• enacted hope – the Christian community is the beginning and sign of God’s coming world – and no more so than when we eat together. Our meals are a foretaste of the future messianic banquet. They reveal the identity of Jesus. They are a proclamation and demonstration of God’s good news. Food isn’t just fuel. It’s not just a mechanism for sustaining us for ministry. It’s gift, generosity, grace. God set a table so we could eat in his presence. This is the heart of what it means to be human. It involves physicality. God didn’t create us for mere mental contemplation, but for a shared meal. But neither is the meal everything. God has put us together in such a way that our hunger for the gift of food is designed to lead us to the Giver (Deuteronomy 8:3). The meals of Jesus are a sign of hope for a renewed creation with bodies and food. It is hope for a meal in the presence of God;
  • enacted mission – what’s new in the story of the great banquet in Luke 14 is the exhortation to invite outsiders to our meals. God welcomes us to his party, and so we’re to welcome the poor. Simply writing a cheque keeps the poor at a distance. But Jesus was the friend of sinners. The poor need a welcome to replace their marginalisation, inclusion to replace their exclusion, a place where they matter to replace their powerlessness. They need community. Meals enact mission. But they enact mission because they enact grace. Meals bring mission in the ordinary. But that’s where most people are – living in the ordinary;
  • enacted salvation – at the fall, food was the way we expressed our disobedience and mistrust of God. Sin distorts all our relationships, including our relationships with food. We use food for control instead of looking to God’s greatness. We use food for image instead of looking to God’s glory. We use food for refuge instead of looking to God’s goodness. We use food for identity instead of looking to God’s grace. We live by every word that comes from the mouth of the LORD (Deuteronomy 8:3). But this word is embodied in a meal. The communion meal reorients life by relocating us in the story told by the Word. The meal points to the goal: eating in the presence of God as a celebration of his generosity in creation and salvation. We anticipate this in every meal, but especially in the Lord’s Supper;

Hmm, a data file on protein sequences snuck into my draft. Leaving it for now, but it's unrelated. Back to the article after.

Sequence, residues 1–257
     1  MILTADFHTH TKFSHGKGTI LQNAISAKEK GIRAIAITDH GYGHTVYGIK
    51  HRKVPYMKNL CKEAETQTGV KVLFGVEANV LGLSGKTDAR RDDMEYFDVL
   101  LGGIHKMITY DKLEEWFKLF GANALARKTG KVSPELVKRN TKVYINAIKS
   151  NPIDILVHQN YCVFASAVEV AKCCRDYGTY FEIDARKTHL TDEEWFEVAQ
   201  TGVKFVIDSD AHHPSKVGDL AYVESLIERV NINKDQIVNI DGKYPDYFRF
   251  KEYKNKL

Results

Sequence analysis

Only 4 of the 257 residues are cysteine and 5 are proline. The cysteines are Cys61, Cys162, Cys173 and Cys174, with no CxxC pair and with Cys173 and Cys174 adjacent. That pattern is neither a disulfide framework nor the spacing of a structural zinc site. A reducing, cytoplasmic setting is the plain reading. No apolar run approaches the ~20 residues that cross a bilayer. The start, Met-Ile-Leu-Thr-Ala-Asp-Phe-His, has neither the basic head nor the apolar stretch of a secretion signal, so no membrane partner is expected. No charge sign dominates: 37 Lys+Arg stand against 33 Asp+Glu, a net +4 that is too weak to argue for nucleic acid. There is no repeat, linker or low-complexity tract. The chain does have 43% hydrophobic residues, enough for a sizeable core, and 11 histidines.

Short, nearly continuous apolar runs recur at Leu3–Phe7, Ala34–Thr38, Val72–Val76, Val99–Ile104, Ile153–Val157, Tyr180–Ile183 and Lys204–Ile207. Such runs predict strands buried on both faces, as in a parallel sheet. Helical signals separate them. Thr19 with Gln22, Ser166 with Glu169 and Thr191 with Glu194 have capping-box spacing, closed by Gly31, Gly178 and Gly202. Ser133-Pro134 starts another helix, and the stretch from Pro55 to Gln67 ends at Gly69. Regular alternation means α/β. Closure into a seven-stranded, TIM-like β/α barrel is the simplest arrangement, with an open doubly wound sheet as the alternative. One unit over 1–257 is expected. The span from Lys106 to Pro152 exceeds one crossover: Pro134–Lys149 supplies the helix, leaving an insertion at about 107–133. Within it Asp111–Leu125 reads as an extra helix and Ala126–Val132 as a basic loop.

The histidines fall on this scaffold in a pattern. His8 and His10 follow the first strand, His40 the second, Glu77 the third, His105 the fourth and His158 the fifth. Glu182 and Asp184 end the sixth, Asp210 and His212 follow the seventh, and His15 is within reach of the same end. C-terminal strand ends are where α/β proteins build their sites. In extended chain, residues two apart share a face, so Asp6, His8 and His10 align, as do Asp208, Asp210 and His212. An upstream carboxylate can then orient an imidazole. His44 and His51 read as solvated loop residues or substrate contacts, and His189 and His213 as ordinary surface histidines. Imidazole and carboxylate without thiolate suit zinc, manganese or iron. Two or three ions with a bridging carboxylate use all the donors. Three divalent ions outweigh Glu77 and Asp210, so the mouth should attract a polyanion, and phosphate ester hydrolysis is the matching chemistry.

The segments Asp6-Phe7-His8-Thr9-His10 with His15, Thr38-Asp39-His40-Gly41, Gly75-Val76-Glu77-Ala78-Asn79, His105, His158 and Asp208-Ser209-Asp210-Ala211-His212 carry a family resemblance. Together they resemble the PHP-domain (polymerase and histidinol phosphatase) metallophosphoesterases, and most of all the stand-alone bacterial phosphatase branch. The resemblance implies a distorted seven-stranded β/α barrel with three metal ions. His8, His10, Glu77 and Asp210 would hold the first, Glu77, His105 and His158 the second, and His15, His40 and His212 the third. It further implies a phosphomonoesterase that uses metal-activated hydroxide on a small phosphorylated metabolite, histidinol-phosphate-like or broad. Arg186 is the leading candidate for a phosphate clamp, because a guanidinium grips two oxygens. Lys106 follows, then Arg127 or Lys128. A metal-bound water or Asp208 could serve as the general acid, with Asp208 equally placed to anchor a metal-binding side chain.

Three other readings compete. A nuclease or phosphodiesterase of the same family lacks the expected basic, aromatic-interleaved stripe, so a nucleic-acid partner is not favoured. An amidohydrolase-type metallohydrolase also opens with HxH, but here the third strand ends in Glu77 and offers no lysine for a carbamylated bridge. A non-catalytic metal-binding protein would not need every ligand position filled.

• enacted promise – the story of Martha and Mary doesn’t promote a spirituality of disengagement or a contemplative life. It offers a word of invitation. It reorients us to the Word that promises a future banquet. This promise liberates us from the worries of this world so that we can put first God’s kingdom. The meal at Emmaus is the means by which Jesus becomes known as the suffering Messiah. Jesus is known at the breaking of bread, at the meal table, sharing food with friends and enemies. Christ is known in community.